Motion to Reconsider

- A request for the BVA to review (recosnider) its decision on an appeal.

Personal Hearing

- A meeting, similar to an interview, between an appellant and a VA official who will decide an appellant's case, during which testimony and other evidence supporting the case will be presented. There are two types of personal hearings: local office hearings (also called regional office hearings or hearing officer hearings) and BVA hearings.



- The action the Board takes in returning an appeal to the local VA office where the claim originated. This action is taken when something else needs to be done before the Board can make a decisionin an appeal.


- Someone familiar with the VA's benefit claim process who assists claimants in the preparation and presentation of an appeal. Most representatives are Veterans Service Organization employees who specialize in veterans benefit claims. Other individuals such as lawyers may also serve as appeal representatives.

Simultaneously Contested Claim

- A simultaneously contested claim is a claim where more than one person is trying to get a VA benefit or status that only one of them can have. Examples might be two people each claming they are entitled to all of the proceeds of the same life insurance policy, or two people each asking to be recognized as a particular veteran's lawful surviving spouse.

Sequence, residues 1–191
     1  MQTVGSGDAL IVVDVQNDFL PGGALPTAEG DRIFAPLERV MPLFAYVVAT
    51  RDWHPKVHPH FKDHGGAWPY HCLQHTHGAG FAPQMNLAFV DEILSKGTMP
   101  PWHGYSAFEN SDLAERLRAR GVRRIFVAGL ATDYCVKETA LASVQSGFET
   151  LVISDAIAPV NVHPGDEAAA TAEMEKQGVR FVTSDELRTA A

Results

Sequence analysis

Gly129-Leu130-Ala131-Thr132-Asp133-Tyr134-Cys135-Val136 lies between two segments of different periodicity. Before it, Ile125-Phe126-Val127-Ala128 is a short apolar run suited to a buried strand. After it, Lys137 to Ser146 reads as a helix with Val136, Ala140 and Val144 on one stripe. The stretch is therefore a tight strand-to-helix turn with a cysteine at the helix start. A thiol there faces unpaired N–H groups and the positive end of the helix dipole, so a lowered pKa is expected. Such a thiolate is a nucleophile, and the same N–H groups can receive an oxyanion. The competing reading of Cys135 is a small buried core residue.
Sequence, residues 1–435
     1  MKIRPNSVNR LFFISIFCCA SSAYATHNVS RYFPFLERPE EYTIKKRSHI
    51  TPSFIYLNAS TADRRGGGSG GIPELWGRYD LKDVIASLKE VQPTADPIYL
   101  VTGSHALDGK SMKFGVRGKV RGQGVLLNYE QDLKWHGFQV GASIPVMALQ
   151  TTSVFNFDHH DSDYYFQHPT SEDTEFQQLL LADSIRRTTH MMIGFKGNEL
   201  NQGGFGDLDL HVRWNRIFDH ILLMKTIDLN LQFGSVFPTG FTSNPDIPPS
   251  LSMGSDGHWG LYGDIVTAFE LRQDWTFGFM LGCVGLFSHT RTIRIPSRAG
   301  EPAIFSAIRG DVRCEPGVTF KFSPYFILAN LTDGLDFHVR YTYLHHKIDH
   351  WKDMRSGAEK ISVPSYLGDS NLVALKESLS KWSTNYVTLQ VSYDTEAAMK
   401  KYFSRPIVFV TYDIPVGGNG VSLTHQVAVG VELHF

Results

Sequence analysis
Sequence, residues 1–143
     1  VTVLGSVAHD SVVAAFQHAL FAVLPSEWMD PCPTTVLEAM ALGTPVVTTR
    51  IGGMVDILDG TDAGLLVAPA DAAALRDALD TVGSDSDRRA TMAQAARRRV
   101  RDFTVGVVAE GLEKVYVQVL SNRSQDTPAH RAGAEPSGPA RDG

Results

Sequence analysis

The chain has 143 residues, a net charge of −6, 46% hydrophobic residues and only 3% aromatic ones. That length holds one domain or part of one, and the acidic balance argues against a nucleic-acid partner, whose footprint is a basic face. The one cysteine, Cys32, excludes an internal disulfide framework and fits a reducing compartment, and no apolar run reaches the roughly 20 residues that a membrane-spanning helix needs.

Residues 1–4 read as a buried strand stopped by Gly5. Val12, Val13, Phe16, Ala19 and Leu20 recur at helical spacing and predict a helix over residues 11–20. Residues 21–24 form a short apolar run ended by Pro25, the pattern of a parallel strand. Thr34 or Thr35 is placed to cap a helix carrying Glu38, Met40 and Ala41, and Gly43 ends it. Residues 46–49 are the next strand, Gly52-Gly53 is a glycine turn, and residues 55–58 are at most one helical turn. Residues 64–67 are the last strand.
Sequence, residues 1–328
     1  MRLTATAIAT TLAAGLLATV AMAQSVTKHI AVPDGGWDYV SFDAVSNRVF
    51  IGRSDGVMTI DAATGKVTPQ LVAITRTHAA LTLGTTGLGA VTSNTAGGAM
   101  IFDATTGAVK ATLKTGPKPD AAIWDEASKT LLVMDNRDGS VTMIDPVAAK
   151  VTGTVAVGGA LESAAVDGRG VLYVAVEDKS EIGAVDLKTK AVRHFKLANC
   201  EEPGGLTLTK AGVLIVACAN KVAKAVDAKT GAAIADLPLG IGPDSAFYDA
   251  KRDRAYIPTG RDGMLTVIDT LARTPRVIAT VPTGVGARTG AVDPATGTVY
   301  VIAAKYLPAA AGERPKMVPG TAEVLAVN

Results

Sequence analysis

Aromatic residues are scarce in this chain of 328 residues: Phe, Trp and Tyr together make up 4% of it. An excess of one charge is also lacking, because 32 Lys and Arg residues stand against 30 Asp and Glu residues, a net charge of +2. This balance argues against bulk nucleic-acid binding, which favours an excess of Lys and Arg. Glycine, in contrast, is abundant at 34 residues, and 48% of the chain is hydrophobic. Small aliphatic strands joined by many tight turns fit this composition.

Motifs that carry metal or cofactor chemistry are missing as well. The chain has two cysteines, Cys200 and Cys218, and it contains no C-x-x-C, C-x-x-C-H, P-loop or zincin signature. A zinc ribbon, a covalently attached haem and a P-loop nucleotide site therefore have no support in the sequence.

- Abbreviation for Statement of the Case.


Statement of the Case

- This is a document prepared by the local VA office processing your appeal. It gives you a summary of the evidence considered in your case, a listing of the laws and regulations used to decide your claim, and an explanation of why the local VA office decided your claim as it did. Reviewing the SOC will help you prepare your substantive appeal.

Substantive Appeal

- Normally, a completed VA Form 9.


- Abbreviation for Supplemental Statement of the Case.

Supplemental Statement of the Case

- An update to an SOC prepared when the VA receives new evidence, or a new issue is added to an appeal, after the SOC was prepared.


- This is the legal term used to describe what you and others who know about the facts of your case (witnesses) say at a hearing. Basically, to "testify" at a BVA hearing just means to tell what you know about your case. VA hearings are much more informal than court hearings, so you don't need to worry about technical rules of evidence or being cross-examined when you testify.

Travel Board Hearing

- A personal hearing conducted at a local VA office by a Board member.

United States Court of Appeals For Veterans Claims

- An independent Federal court that reviews appeals of BVA decisions.

VA Form 9

- You receive this VA form, titled "Appeal to the Board of Veterans Appeals," with the SOC. It is the form you fill out and file with the local VA office to complete your appeal.

Veterans Service Organization (VSO)

- An organization that represents the interests of veterans. Most VSOs have specific membership criteria, although membership is not usually required to obtain assistance with benefit claims and appeals. Your local VA office can provide information about VSOs serving your area.

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Related Topics

VA Claims and Appeals